At the epicentre of a cultural tug-of-war spanning thousands of years, you’ll find Seville. The capital of southern Spain’s region of Andalucía has finally settled as a vibrant representation of everything one might love about the country. Intricate architectural facades prop up layers of civilisations that once dominated the city, interconnected by a maze of centuries-old cobblestone alleys worn away by the clip-clop of horse and carts heard wandering beneath your balcony. Your lazy Sunday routine becomes a seven-day fiasco of blissful ignorance as Seville‘s indulgence, vitality and romance take charge in Lonely Planet’s top place to visit in 2018.
Best time to go: April/May
Best time to avoid: July/Aug
Ideal length of stay: 4 nights
Why I chose to spend two full weeks working remotely in Seville I’ll never really know. The opportunity came up, and within 24 hours I’d booked it. 10 days later I was there.
I’d actually never been to Spain in my life before this visit, so why Seville got a start before the likes of Barcelona or Madrid I couldn’t tell you. It coincidentally had nothing to do with Lonely Planet that’s for sure. I wanted a city that wasn’t a city. A map I could actually memorise inside 14 days. An old town that wasn’t overshadowed by a towering metropolis. I wanted to experience a Spain that was everything I’d come to expect in my imagination. The architecture, the music, the weather, the food, the lifestyle. Seville, ladies and gentlemen, delivered on all fronts.
To be completely honest, after hitting ‘confirm reservation’ on an Airbnb I was a little concerned it might be the most boring two weeks of my life. It was quickly clear, however, that life in Seville is one to which you can effortlessly get accustomed to; late rises, afternoon siestas, sangria until all hours and a web of intriguing places waiting patiently for you to stumble across them.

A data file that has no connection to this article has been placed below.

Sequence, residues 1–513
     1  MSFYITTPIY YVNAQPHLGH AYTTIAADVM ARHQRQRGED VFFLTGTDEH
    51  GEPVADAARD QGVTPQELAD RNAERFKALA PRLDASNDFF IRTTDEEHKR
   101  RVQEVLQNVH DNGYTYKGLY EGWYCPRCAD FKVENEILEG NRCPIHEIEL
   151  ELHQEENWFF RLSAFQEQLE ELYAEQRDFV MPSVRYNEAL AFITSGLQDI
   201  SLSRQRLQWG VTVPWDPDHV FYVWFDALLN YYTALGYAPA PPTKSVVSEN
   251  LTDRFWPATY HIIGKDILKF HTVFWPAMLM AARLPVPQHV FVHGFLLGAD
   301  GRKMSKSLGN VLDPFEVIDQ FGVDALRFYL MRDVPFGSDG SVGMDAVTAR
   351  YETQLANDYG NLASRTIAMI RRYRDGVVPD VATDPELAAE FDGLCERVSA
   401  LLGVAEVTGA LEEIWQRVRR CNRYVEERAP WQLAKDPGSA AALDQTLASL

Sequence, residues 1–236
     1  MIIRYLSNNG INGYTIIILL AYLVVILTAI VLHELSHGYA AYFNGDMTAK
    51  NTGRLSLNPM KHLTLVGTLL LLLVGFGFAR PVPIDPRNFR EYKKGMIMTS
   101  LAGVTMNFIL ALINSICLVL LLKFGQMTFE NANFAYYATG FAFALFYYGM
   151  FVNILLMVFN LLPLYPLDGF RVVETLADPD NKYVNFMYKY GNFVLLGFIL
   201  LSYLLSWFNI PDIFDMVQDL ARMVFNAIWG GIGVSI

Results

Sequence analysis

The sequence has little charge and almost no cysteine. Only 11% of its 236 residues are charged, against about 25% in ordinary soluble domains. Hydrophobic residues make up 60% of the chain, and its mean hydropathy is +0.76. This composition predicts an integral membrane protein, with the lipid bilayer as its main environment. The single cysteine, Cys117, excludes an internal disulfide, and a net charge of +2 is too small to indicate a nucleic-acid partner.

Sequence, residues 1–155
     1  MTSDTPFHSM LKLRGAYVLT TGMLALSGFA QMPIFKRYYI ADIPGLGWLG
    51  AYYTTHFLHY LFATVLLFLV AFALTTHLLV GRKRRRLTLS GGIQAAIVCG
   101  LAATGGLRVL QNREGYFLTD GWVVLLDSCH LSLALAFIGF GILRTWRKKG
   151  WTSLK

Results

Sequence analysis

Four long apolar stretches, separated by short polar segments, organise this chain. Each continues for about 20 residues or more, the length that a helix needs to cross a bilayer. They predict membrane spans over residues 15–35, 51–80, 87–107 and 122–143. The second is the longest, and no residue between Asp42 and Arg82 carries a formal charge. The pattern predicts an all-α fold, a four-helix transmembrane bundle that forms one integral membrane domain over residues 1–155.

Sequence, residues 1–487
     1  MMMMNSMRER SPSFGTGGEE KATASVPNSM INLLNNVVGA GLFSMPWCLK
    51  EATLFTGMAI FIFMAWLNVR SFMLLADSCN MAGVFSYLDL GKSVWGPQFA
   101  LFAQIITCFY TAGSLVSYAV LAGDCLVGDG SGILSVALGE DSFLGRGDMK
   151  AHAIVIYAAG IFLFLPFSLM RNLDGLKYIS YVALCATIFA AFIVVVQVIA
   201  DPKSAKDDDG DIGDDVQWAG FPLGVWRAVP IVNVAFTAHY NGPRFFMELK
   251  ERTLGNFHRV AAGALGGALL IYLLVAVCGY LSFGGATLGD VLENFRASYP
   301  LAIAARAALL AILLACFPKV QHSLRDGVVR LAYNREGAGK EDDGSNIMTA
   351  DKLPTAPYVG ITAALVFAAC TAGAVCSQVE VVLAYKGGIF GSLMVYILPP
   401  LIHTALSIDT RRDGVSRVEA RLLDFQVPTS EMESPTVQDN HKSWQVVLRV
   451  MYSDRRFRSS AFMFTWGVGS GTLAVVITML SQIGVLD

We’ll kick off with the food because that’s what 90% of you are probably daydreaming about already. Tapas joints in Seville are as fantastic as they are plentiful. Don’t even think about going anywhere before 8 pm, and be prepared to hop around to more than one place in a single evening. The old town establishments are busy and semi-expensive, but suburbs such as Alameda offer some serious tapas and cocktail combinations. If you’re after Sangria, *surprise* it’s a tourist thing – order ‘tinto de verano’ instead. It’s the local’s version, exactly the same thing and a third of the price.
Chose one of your evenings to enjoy a flamenco show before you hit the town, or if you’re in for something a little more culturally red-hot, Seville plays host to one of the few remaining bullrings in Spain. The bullfights aren’t as regular as you may think, however, so if you’re keen to get involved do some research ahead of time.
The old town centres around La Giralda (bell tower) which is attached to La Catedral (I’m sure you’ve got that translation sussed out). Don’t miss the grave of Christopher Columbus inside the cathedral – I almost glanced over the plaque while preoccupied with the innate intricacies you’ll find inside the church. The surrounding squares are bustling until all hours, the absence of cars (though not entirely) makes walking the streets a pleasure, as I did in the lovely mild temperatures of early June.